Lime is commonly prepared from its carbonate (marble or limestone) by heating it to full redness to drive off the carbonic acid.

Characters And Tests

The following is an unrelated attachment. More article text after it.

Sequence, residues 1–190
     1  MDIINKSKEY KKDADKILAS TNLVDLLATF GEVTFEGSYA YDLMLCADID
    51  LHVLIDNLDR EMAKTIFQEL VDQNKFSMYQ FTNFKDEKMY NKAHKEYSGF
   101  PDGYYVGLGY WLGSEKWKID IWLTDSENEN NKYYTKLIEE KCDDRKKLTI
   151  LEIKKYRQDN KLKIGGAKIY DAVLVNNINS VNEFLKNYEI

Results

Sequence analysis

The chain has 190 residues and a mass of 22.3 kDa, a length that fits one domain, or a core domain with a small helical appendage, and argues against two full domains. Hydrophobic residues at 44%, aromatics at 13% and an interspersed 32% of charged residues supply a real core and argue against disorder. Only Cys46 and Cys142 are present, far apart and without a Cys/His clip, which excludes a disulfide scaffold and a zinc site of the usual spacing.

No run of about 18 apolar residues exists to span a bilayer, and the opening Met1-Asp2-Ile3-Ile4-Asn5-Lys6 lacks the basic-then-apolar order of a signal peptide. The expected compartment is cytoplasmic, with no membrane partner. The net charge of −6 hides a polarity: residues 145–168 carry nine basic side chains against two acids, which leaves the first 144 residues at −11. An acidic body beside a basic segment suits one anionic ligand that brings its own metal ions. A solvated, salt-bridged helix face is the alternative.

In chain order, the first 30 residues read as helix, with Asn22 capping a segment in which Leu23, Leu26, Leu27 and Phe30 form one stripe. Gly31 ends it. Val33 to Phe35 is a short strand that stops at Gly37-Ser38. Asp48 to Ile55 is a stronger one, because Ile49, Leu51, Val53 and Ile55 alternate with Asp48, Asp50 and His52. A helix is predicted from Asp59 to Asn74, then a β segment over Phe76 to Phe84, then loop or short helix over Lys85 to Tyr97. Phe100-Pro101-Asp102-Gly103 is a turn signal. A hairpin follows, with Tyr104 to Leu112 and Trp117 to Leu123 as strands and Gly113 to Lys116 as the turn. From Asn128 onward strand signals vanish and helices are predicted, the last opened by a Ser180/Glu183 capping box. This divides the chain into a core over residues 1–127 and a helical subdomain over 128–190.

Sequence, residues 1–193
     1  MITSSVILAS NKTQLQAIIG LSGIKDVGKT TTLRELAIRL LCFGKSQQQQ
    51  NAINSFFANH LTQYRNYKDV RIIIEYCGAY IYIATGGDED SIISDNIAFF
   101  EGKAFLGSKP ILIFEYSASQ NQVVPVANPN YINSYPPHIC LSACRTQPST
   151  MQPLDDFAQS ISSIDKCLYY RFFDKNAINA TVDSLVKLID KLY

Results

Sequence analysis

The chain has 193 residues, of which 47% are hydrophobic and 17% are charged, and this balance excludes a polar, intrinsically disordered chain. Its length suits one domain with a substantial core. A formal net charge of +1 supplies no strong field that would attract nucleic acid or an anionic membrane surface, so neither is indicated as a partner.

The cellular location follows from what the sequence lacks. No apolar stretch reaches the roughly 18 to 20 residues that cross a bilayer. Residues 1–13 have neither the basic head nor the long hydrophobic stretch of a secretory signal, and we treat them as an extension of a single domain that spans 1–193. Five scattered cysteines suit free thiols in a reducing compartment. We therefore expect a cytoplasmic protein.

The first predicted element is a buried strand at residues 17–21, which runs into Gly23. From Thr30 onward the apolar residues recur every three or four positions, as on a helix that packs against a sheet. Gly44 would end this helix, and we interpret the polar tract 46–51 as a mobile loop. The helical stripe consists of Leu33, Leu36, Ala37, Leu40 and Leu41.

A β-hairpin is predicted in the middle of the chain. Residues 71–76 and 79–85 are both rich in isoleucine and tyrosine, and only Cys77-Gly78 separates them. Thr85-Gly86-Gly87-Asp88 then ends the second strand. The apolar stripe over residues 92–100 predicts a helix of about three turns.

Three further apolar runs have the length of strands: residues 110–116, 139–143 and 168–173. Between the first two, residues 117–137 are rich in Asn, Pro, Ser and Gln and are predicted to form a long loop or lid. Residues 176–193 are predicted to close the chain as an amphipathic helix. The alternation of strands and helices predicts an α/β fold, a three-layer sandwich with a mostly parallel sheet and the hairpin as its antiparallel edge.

A grayish-white solid, of sp. gr. 3.18, of alkaline, caustic taste. When water is poured on it to the amount of about three-fourths of its weight, it swells up, evolving great heat (up to 500° F.), and falls into a soft, white powder, in which the oxide is combined with one molecule of water (hydrate of calcium, CaH1O2, = 74); the process is called "slaking."